Wednesday, February 2, 2011

Maneuver Warfare: A Wargamer's Notebook - OODA Cycles - In the Air: Sabres vs Migs

This series of blog entries are about the so-called "maneuver warfare" as explained by William Lind. The writings of Robert Leonhard will also be included. I claim neither expertise in the subject nor devotion to this way of waging wars and thus I am not trying to convert you into anything. This series is not an analysis or a review of all ideas about maneuver warfare but rather some explorations about the topic based on computer war games and simulations. Future entries will be delivered based in readership.

In the previous entry, I mentioned how John Boyd got the idea of the OODA cycles from the air combat realities of the Korean War. Apparently, the F-86 Sabre had no advantage over the Mig-15 in thrust, turn or climb rates. It was the ability of the F-86 Sabre to quickly transition between maneuvers what made the difference against the Mig-15.

In this entry, I fly through the virtual skies of North Korea looking for some edu-fun-meint.

The choice of flight simulator was easy: Rowan's Mig Alley. I don't think any mod out there for more modern combat flight simulators can replicate the dogfight experience of the good ole Mig Alley. A thing I never got over with fan-made mods to flight simulators is the lack of information about their flight models. Since flight models are really very important for this entry, I just sticked with Mig Alley. BTW, this flight simulator (ugly as it looks by today's standards) has a lot of personality. Maybe I should write a few more entries about it.

So, I went on and flew the Sabre and the Mig in empty skies. On the issue of maneuver transitions: yes, I can invert, roll and shake the stick with an almost immediate response in the Sabre. Not so fast with the Mig-15. Check, issue is closed.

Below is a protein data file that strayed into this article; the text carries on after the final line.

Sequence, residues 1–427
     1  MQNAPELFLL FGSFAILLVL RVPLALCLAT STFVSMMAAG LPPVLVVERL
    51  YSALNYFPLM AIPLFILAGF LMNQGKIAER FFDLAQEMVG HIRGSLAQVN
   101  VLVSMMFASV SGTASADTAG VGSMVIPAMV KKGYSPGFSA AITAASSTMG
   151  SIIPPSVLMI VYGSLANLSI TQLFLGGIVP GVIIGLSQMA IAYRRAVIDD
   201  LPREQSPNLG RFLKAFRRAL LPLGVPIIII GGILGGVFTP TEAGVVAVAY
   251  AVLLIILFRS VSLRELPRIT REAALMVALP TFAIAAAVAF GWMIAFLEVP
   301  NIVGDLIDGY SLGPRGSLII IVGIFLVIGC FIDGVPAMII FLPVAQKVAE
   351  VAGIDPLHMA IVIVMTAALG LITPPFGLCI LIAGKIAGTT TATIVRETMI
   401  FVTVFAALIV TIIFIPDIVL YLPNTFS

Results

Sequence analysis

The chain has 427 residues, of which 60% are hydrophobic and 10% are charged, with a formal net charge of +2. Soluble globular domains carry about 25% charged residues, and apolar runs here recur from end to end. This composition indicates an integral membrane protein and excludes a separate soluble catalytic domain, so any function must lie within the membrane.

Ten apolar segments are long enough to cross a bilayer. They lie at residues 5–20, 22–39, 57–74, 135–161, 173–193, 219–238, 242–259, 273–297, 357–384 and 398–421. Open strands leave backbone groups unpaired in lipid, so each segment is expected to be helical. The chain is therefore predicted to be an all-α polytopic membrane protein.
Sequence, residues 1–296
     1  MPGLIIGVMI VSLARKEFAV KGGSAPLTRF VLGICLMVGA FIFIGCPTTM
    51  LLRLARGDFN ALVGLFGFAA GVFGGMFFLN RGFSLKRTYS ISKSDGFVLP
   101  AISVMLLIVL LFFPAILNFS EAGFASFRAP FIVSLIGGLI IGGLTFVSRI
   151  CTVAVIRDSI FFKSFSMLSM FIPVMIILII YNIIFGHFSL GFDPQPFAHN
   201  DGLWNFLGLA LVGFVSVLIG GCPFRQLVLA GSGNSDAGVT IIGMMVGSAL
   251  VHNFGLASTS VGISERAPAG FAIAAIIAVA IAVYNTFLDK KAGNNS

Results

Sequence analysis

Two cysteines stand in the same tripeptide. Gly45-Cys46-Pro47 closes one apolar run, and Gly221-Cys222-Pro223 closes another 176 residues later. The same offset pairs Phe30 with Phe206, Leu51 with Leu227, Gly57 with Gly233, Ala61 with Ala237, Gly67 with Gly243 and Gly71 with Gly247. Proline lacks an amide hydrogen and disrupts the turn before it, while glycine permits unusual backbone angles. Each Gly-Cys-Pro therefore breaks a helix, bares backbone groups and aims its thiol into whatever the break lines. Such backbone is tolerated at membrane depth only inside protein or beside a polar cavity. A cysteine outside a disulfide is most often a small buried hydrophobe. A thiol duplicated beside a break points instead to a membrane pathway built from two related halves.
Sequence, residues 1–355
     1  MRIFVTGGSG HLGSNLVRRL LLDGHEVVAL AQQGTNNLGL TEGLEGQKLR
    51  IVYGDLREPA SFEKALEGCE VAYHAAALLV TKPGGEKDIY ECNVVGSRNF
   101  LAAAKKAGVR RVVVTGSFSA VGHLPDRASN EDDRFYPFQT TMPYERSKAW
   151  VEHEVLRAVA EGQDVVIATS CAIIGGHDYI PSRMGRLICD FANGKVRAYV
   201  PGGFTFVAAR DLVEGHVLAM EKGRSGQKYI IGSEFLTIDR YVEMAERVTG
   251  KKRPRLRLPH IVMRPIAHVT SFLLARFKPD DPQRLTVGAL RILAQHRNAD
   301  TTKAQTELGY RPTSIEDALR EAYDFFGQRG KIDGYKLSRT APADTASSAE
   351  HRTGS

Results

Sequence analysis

Can the fast transitions of the Sabre translate in faster observation-orientation-decision-action  cycles that can be used to gain an advantage? Seoul, we have a problem ... Of the OODA cycle, 3 out of 4 steps (observation, orientation and decision) depend exclusively on the man and just one (action) step partially depends on the machine. Yours truly is a terrible combat pilot ... 

Even when the Mig-15 was mentioned above in having the advantage in sustained performance, this advantage is not gigantic. For air-combat purposes, the Sabre and the Mig can be considered as "similar aircraft". I experienced this in the flight simulator: flying the Sabre in turn-and-burn dogfights (angles fights would be the academic term), and in particular at the very end of flat scissors maneuvers, I frequently ended up in a head to head zoom ins. In other words, both aircraft can turn almost at the same rate and with the same radius.

Head to head zoom in. Scary stuff ...

I still have to work my flying skills to take advantage of the supposedly faster transitions of the Sabre. All I can report today is how I took advantage of a bad OODA cycle of a Mig-15's pilot.

So here it goes: a mano a mano with a Mig-15 (computer opponent set to "hero", the maximum skill available).

A Mig-15 in my tail ... Just another day in the office.

The Mig-15 is turning with me.

He tries hard to saddle. Here is to hope that the Mig-15 overshoots.
The turns into me, I turn into him ... A tad late but that's what the books say I am supposed to do.

Another opening of the scissors. The Mig is shown turning into me. Note that this maneuvers are not actually textbook rolling scissors, as the Mig-15 has still  positional and angles advantages over me.
BAM! The Mig-15 pilot, now spooked by the multi-story buildings, is short in airspeed and altitude and abandons the turn in order to regain both. I can see him struggle to regain control of the aircraft without stalling. I turn into him immediately.